HLA associated with Hashimoto thyroiditis (2):
Endocrine disease that is a risk for B cell lymphoma:
Severe fetal hypothyroidism, 5 Ps in addition to the mental retardation and FTT:
HLA type associated with de Quervain's thyroiditis:
What is Reidel's thyroiditis? What do you see in there histologically?
Replacement of the thyroid with fibrous tissue. See macrophages and eosinophils in fibrous base.
Name for what happens when you give someone with a goiter or excess thyroid tissue who is iodine deficient a ton of iodine suddenly:
Three things that can cause Jod-Basedow:
Ppl w/ Graves who are iodine deficient getting iodine suddenly
Which anti-thyroid agent is preferred in pregnancy?
PTU. Methymazole causes fetal cutis aplasia.
Both PTU and methimazole cause this problem with WBCs:
T/F: PTU, the preferred anti-thyroid drug in pregnancy, crosses the placenta:
Tx for thyroid storm:
b-block aggressively, PTU
Autoimmune thyroid disease with thyroid stimulating Ab? With thyroid destruction?
HLA subtypes associated with Graves disease:
Most common thyroid cancer:
Thyroid cancers with RET mutations:
Thyroid cancer with Ras mutation:
Thyroid cancer that likes to spread hematogenously:
Sheets of cells in an amyloid base, hyperthyroidism:
Medullary thyroid CA
Disease in which you see an increased resin radioactive T3 uptake:
Graves. TBG is all occupied by endogenous thyroid hormone, give people a radiolabeled one and everything you give them will bind your test resin.
This teratoma has functional thyroid tissue:
Struma ovarii teratoma
Treatment for acromegaly:
Resect pituitary if you can
Octreotide or other somatostatin analogue
Three ways of diagnosing acromegaly:
1. High serum IGF-1
2. Fail to suppress GH with oral glucose
3. Mass on MRI
What is Sheehan's syndrome?
Postpartum bleeding drops BP so much that the pituitary gets damaged, can be any hormone affected. Most commonly presents with failure to lactate.
GH excess is called _____ in adults but is called _____ in children.
Common presentation of MEN 1:
Renal stones (hyper PT)
Ulcers in the stomach (ZE or another pancreatic endocrine tumor)
MEN 1 tumors:
MEN 2A and 2B tumors:
Medullary thyroid cancer & pheo in both.
2A = parathyroid
2B = mucosal neuromas, marfanoid habitus
MEN associated with 11q13
MEN syndromes associated with a problem on chromosome 10:
MEN 2 (RET)
What form of inheritance do all the MEN syndromes share?
Glucocorticoid medication that is virtually the same molecule as cortisol:
This drug is used in the treatment of aldosterone deficiency. Why?
This drug has the highest mineralocorticoid effect of all the glucocorticoids.
How do the glucocorticoids work to decrease the production of leukotrienes and prostaglandins?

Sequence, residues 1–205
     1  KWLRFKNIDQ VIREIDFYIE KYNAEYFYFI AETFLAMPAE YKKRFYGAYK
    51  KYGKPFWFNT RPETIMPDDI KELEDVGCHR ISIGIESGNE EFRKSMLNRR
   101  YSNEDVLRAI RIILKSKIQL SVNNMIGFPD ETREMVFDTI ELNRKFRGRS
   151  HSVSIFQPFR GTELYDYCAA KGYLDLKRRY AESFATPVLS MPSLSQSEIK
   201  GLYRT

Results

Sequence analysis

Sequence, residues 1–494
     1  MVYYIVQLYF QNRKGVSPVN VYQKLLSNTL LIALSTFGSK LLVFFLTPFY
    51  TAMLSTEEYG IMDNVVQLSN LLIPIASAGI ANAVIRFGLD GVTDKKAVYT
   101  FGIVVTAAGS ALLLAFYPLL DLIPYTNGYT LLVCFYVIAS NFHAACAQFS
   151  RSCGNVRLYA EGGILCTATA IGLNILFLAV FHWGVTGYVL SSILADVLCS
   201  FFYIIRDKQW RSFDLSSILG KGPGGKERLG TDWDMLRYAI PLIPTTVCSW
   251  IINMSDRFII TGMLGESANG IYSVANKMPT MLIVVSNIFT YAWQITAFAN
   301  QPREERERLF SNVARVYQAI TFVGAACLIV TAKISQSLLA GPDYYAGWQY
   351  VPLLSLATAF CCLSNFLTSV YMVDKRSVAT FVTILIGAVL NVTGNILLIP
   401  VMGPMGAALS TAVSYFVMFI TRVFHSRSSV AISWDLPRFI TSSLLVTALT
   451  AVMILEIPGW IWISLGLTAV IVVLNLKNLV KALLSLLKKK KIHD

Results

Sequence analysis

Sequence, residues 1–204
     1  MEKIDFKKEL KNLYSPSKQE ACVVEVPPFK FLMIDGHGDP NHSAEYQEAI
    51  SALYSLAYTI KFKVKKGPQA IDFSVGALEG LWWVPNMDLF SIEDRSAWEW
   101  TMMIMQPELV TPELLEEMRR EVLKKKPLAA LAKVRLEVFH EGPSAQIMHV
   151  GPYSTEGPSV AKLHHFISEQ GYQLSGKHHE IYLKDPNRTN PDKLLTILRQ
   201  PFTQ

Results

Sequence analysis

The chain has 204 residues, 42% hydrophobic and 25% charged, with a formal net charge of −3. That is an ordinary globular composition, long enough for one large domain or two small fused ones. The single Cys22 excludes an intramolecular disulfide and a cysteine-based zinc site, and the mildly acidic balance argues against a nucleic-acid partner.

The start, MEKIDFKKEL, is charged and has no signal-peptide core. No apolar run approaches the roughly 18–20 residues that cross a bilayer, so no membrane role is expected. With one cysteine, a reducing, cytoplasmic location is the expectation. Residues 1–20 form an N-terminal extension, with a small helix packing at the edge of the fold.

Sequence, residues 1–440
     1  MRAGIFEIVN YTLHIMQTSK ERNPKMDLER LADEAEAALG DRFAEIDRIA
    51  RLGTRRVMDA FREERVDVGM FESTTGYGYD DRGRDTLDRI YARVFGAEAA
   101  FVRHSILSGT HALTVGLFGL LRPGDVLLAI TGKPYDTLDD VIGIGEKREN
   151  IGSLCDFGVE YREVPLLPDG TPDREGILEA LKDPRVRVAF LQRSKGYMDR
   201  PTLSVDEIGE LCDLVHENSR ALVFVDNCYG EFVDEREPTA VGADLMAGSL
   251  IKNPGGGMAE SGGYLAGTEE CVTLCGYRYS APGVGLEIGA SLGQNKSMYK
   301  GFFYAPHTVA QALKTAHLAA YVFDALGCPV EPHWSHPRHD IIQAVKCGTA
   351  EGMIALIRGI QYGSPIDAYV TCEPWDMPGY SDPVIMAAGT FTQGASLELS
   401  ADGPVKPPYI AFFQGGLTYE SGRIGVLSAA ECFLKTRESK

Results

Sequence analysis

They block phospholipase A2 and inhibit COX-2.
T/F: Empty sella syndrome is most often sub-clinical.
T, usually there is some pituitary tissue glued to the sella somewhere. Can present with any deficiency.
These hormones share a common alpha sub-unit:
TSH, LH, FSH, b-HCG
This hormone increases blood glucose level and decreases protein synthesis:
These two cancers are associated with RET gene mutations:
Medullary thyroid cancer
Four clinical uses for somatostatin:
Inhibits GH, TSH, ACTH
Decreases sphlancnic circ. (can help control bleeding)
Tones down GI endocrine excess
Can be used for refractory diarrhea
Thyroid cancer associated with RAS or PAX8-PPAR gamma:
Thyroid cancer associated with RET or NTRK1:
Papillary thyroid CA
Thyroid cancer associated with BRAF:
Starting molecule for steroid synthesis:
Cholesterol is converted to pregnolone, first step of steroid synthesis, by this enzyme. What drug inhibits this enzyme?
Ketoconazole inhibits desmolase
From pregnenolone, in order to make aldosterone, you need to first make this molecule. What is the enzyme?
To get to mineralocorticoids, you make progesterone with 3b-OH dehydrogenase.
What is the one arm of the steroid synthesis path that does not require 17a-hydroxylase?
Synthesis of mineralocorticoids, eg aldosterone.
What is the one arm of the steroid synthesis path that does not require 21-hydroxylase?
Synthesis of sex hormones.
Precursor molecule to the synthesis of sex hormones:
DHEA, which is made into androstenedione.
What is the main difference between 21-hydroxylase and 11b-hydroxylase deficiency?
The paths are really very close together. 11b-hydroxylase acts a little later in the path, so you get one extra product backing up. This product is 11-deoxycorticosterone, which causes HTN. Both syndromes = high sex hormones, 11b also has HTN.
Mnemonic involving 1's for adrenal steroid synthesis:
1 in the first digit = HTN
1 in the second digit = masculinization